“If you want to experience the soul of India, then you must go to her villages” Mahatma Ghandi once wrote and following his advice I am staying at the Dera Village Retreat, Khalako, half way between Jaipur and Agra.
Dera Village Retreat
The air is warm and dry. A ring of hazy mountains surrounds this huge valley. There isn’t any noise this late afternoon except for just a couple of bulbuls squabbling over possession of a shrub and the sleepy drone of wasps somewhere in the distance.
I look over the fields surrounding the property and wonder what the next crop will be.
On a distant lane, half obscured from view by elephant grass, a lofty camel pulls a cart lead by an elderly man in a white dhoti. Yes, this is rural Rajasthan, the right place to break from the hectic pace of the cities.
The spacious seventeen cottages arranged in a semi-circle around the lawns have air conditioning and beautiful tented ceilings. The bathrooms are huge.
Manicured lawns, wicker chairs, gin and tonics and cricket
As I cross the lawns of the Dera Village Retreat, a solid thwack breaks the silence followed by joyful exclamations. Cricket, India’s passion.
The staff are urging guests to join them in a game. Some do, the rest head for the seats nearby to watch from the shade, a cup of tea in their hennaed hands.
Yes, earlier on we had a visit from a group of women who specialise in mehendi or the art of applying henna in intricate patterns.
The sound of bat on ball recedes and my mind chugs along trying to assimilate it all. This rural setting is a welcome break if you are doing India’s Golden Triangle: Delhi, Rajasthan (Jaipur and Jodhpur) and Agra. The circuit is about 720 km by road. Each leg is about four to six hours drive and easy to do by car or coach.
Rajasthan has always had the lion’s share of India tourism.
Its colour, its people and the impossibly beauty of Jodhpur (the Blue City), Jaipur (the Pink City and Udaipur (the Lake city) have drawn visitors from time immemorial. But it is the recent movie Best Exotic Marigold Hotel and its sequel that has attracted more travellers here recently.
Take for example a visit to the Chand Step-Well that can be arranged by the Dera Retreat.
We pile up in Jeeps and charge cross-country to the main road where the AC bus is waiting. Spotless villages line the way.
Whitewashed farmhouses with cattle and children mingling give way to Abhaneri, a small town with a big street market. From here it is only a few more minutes till we alight to see the oldest step well in India.
This marvel of architecture features briefly in the original Best Exotic Marigold Hotel as a background for a love chat between the two young lovers.
We see them against a puzzling complex set of steps rising and falling in a dizzying geometrical sequence while a boy jumps to the bottom pool for a refreshing swim.
The passage is quite brief but left me intrigued. What could it possibly be?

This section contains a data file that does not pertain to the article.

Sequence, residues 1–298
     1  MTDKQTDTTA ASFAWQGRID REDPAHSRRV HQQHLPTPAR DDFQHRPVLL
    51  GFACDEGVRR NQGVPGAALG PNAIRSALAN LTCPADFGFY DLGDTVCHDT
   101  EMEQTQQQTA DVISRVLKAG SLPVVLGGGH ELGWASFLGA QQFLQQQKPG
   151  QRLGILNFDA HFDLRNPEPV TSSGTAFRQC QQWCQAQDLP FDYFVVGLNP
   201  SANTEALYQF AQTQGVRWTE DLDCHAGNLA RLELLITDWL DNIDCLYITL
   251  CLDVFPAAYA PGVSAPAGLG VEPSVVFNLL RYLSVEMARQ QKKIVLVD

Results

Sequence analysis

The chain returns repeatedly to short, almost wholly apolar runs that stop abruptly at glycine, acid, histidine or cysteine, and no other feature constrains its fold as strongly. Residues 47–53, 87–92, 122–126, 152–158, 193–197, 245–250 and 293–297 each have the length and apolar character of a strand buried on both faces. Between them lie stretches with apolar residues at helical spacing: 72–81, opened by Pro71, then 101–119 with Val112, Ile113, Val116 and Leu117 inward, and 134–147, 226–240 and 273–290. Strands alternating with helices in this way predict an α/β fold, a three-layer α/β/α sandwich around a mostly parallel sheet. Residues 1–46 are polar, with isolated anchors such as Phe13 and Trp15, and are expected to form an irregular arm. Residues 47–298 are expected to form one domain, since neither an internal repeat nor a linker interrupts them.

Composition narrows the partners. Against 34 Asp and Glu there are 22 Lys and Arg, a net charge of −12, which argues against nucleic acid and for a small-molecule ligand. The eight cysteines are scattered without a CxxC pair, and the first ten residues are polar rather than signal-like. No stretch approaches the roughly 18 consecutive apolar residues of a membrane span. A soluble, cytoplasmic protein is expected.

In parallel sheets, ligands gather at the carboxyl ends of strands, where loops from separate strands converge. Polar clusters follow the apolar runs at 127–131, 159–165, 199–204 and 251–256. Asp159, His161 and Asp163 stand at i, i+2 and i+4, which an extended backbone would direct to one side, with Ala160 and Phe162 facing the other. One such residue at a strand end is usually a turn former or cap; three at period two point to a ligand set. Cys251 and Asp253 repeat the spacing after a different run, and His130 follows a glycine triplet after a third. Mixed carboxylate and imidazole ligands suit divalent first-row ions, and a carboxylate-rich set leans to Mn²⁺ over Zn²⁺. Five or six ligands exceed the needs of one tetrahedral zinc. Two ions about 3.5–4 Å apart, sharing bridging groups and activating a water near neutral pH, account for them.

The Chand Baori consists of 3,500 narrow steps over 13 stories built more than a thousand years ago.
Reminiscent of an Escher drawing, it extends approximately 30 m (100 ft) into the ground making it one of the deepest and largest step wells in India. Such complexity and beauty for just a well, or is there more to it?
Nobody fully understands why such attention to detail was paid for a seemingly utilitarian convenience. But that is part of its beauty, the mystery that surrounds it.
It is said that locals used to gather at the bottom steps during intense heat as at that depth the air is cooler by five degrees.
One of the four walls has no steps but a mini palace instead that hangs over the well.
The pillars and columns are exquisitely carved and the palace, meant for Royal use, is complete with a stage for performing musicians and dancers.
Step into village life
What best mode of transport than a camel cart? We are in Rajasthan after all, so camels it is.
The village we visit is a small hamlet and the residents have prepared a ceremony for us to see.
As we sit in a semi-circle facing the performers, the younger locals take pictures of us with their mobile phones while a woman hangs colourful laundry to dry against a setting sun.
The colour of the women’s outfits is everywhere dotting the landscape with splashes of yellow, hot pink and blue, which seem to be the most popular choices.
Some of the men’s turbans are equally attractive and as outrageous as they can get.
A minimum of eight metres of light cotton cloth is twisted and wound around the wearer’s head, usually complemented by an extravagant moustache, waxed and twirled to perfection.
Back at the Dera Village Retreat a delicious dinner awaits while a troupe of local performers gather on the lawns.
After the lively show of local dances, the silence of the night is total, very conducive to sleep – which is exactly what one needs before setting off for another fascinating destination in Rajasthan.